If you don’t feel good enough for someone or if someone doesn’t feel good enough for you, there are reasons why you or they feel that way. Use those feelings as an opportunity to learn more about you both.
As it comes to your personal reflections, what you’ll learn is not that they’re somehow better or more valuable than you as a person; you will learn what areas in life they seem more successful at, that you’re measuring yourself up against and feeling like you’re falling short.
This isn’t to say that everything has to be a competition or that you need to be as good as or better than someone at a specific talent or job.
But if something is making you feel insecure, you can use those feelings to decide one, whether you want to let it make you feel insecure and drive you to improve, and two, if that answer is yes, to do the work and improve.
If they have a successful career, and you’re insecure because you don’t have a job (and you’re okay with feeling that way), get a job.
But if they’re a talented singer and you feel less than because you’re not as good of one, if you don’t care to improve in singing, that’s an insecurity you can work to let go of.
So just remember, not everything you initially feel insecure about has to be acted on. You can decide that you don’t care to act on it and do mindset shifts around not feeling that insecurity, if you logically decide you don’t care to change.
But for changes you wish to make, make them. Use the feelings of insecurity not as evidence of you being “less than,” but as a way to see where you wish to improve from your insecurities and the drive to make those changes.
By doing so, you regain your power. You have the power to change in the ways you want to, and change is made much more possible by taking this viewpoint. Change is made possible by believing you can work on your insecurities, rather than your comparison to a partner being tied up in your “worth”, an abstract concept that doesn’t really show you how you can improve yourself and your life.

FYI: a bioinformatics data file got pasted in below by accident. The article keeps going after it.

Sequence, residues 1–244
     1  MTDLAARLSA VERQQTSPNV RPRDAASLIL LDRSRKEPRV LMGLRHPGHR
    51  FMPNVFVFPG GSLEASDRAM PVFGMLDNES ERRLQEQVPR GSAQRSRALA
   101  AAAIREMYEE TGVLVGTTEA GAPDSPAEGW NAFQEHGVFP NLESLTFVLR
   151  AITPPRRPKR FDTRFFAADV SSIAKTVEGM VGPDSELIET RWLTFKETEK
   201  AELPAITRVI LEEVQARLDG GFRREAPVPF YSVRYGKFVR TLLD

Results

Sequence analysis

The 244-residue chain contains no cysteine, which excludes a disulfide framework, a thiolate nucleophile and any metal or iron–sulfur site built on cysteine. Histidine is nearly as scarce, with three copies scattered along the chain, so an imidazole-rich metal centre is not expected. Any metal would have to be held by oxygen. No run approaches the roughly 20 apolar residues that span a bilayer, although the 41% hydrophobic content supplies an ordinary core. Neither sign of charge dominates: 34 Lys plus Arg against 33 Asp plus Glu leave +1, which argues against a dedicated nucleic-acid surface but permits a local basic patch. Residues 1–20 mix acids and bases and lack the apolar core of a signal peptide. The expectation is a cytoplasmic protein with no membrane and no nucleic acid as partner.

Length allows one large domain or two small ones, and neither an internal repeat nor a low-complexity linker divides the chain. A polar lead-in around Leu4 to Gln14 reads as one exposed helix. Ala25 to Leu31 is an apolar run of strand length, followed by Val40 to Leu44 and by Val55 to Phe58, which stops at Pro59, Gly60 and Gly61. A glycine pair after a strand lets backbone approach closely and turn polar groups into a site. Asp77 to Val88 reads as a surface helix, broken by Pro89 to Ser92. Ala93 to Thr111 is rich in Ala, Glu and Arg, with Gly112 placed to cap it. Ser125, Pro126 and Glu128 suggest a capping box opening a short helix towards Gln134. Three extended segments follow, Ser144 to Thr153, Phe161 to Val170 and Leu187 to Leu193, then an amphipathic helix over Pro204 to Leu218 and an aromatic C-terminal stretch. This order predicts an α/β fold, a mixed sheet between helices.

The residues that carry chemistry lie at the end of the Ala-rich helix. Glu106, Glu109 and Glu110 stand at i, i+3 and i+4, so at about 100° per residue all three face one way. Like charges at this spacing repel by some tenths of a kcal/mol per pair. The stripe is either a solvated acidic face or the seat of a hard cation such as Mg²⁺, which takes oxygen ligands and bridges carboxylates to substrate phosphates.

There’s nothing that has to do with how we’re born that makes someone better. Even if society doesn’t always treat us as equal, because of our skillsets, our job status, or whatnot, we are all equal at the end of the day. And we all can change and improve in the ways we’d like to.
You don’t necessarily have to change before being with the person; you can be with them as you’re improving because you both will be learning and improving throughout the entirety of your lives and relationship.
Also, it’s not up to you to decide what they deserve. If you don’t feel like what you can provide is good enough for them, it’s not your decision to make, whether it is or isn’t.
Because sometimes we don’t fully see our value or ourselves for as positive and great as we truly are. It can be frustrating for another person to see your value, like you, but experience you not wanting to pursue a relationship with them because you don’t think you’re good enough for them.
The one exception to you making that decision would be if you’re sure that because of your situation or habits, you would do them more harm than good by being with them, and if you feel they wouldn’t be able to leave you or see circumstances for what they truly are because of their own issues with attachment or judgement about people leaving their life.
Only if you’re very clear on that, might it be helpful for you to take a step back. If you think it’s better for the both of you and that the other person may feel the same way, but would have a hard time stepping back, I believe it’s okay to take the initiative to do so.
Doing this still doesn’t mean they’re better than you or that it has anything to do with your worth. You’re just looking out for the both of you during this current state of your life that you’re hopefully looking to improve so that it doesn’t get in the way of your future relationships.
But in general, it’s not up to you, but them, to decide whether they want you as their partner. Other people see your value in ways you don’t.
There’s no such thing as being better than someone, so there’s no such thing as being not good enough. We are the ones who define our worth and it can’t be measured against the worth of others. Use the feelings of insecurity as a way to improve and to continue building fulfilling relationships. Regain your power.